Trump is scheduled to speak at 7:30 p.m., and doors open to the public at 4:30 p.m.
"You're not talking about a conventional campaign here," said Andrew Taylor, a political science professor at North Carolina State University. "Trump intuitively understands what's working for him. He enjoys speaking to big crowds."
"There probably won't be any Republican officials of any note on the stage with him," Taylor said. "That says a lot about what Trump means to the race and what Trump means to the Republican Party."
An unconventional campaign
Trump's campaign has been relatively frugal in terms of media buys, spending on radio buys in early primary states but not on television. In that respect, he is not unusual in North Carolina.
Voters in the Triad and the Triangle have not yet seen broadcast television advertising from presidential contenders, according to data provided by Kantar Media to WRAL News. Aside from a smattering of ads in Wilmington, Tar Heel voters are most likely to have seen advertising if they live near Charlotte or Asheville. Charlotte television stations reach into South Carolina, and Asheville residents see television broadcasts the originate from the Greenville-Spartanburg, S.C., market.
South Carolina is the first Southern primary state and the first primary following New Hampshire. In addition to candidates such as Carson and U.S. Sen. Lindsey Graham, super PACs like Right to Rise, which supports Bush, and the Conservative Solutions Project, which backs U.S. Sen. Marco Rubio, have put commercials on the air there.
In North Carolina, presidential candidates and their super PAC backers are unlikely to opt for a sustained television presence until early in the new year. Joe Stewart, a political analyst and director of the North Carolina Free Enterprise Foundation, said the March 1 Super Tuesday primary will put 14 states on the ballot two weeks before North Carolina's primary.
"Immediately after Super Tuesday, the significance of North Carolina will become abundantly clear," Stewart said.
In the mean time, Trump has been so successful at garnering free media through campaign appearances and cable chat shows that he's had little need to spend on television advertising.
"It's not at all a bad idea for Trump to begin to develop a little bit of profile here," Stewart said.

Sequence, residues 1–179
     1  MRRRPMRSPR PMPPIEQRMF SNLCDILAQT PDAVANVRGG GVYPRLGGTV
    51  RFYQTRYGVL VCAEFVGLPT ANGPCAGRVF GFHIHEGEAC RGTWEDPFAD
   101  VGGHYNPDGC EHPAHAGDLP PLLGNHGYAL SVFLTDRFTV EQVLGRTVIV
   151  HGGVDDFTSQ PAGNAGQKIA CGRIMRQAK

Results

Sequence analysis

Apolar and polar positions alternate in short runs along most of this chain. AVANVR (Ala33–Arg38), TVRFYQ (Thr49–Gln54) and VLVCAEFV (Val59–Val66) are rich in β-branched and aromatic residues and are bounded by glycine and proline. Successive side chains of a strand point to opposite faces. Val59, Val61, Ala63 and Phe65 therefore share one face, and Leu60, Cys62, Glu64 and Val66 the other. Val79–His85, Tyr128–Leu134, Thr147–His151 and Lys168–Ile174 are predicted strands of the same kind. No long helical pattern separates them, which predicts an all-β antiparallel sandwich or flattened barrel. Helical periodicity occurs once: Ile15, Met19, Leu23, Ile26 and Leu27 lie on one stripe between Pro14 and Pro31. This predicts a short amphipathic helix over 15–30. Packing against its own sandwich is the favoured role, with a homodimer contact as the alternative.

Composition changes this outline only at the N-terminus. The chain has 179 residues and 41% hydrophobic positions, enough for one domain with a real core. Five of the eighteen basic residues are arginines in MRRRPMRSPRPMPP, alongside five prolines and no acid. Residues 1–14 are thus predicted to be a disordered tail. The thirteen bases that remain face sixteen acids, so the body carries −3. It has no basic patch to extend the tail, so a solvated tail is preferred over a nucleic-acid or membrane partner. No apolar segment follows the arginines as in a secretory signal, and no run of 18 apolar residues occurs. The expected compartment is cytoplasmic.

North Carolina's March 15 primary could help him close the deal for the Republican nomination following a strong showing in the Super Tuesday states or serve as a bulwark if his campaign is flagging.
Looking for an audience
If nothing else, Raleigh offers Trump a new pool of potential supporters who haven't heard the businessman offer remarks in person before. But there are signs that his message might particularly resonate here.
"Mr. Donald Trump’s non-traditional approach, untainted by Washington’s one-sided politics which give power to special interest groups and lobbyists, is the exact makeover that the White House needs in order to 'Make America Great Again,'" the pair write on their website. "As our next president, Mr. Donald Trump will 'tell it like it is' without all the political sound bites and political correctness that generally excludes the American people’s best interest."
Stewart said Trump may appeal to voters in a more conservative wing of the Republican Party, including the tea party, who find themselves disaffected by party leaders.
In addition to Trump diehards and Republicans looking for a standard bearer, Taylor suggested that some of those who turn out at Dorton Arena will be there to see Trump the celebrity entertainer and those merely curious about the commotion he's causing on the political scene.
"You'll get a mix of people who are revved up and then sort of voyeurs who are interested or puzzled by the Trump phenomenon," he said.
According to publicity for the event, doors are scheduled to open at 5 p.m., and the event should begin at 7:30 p.m.
Copyright 2023 by Capitol Broadcasting Company. All rights reserved. This material may not be published, broadcast, rewritten or redistributed.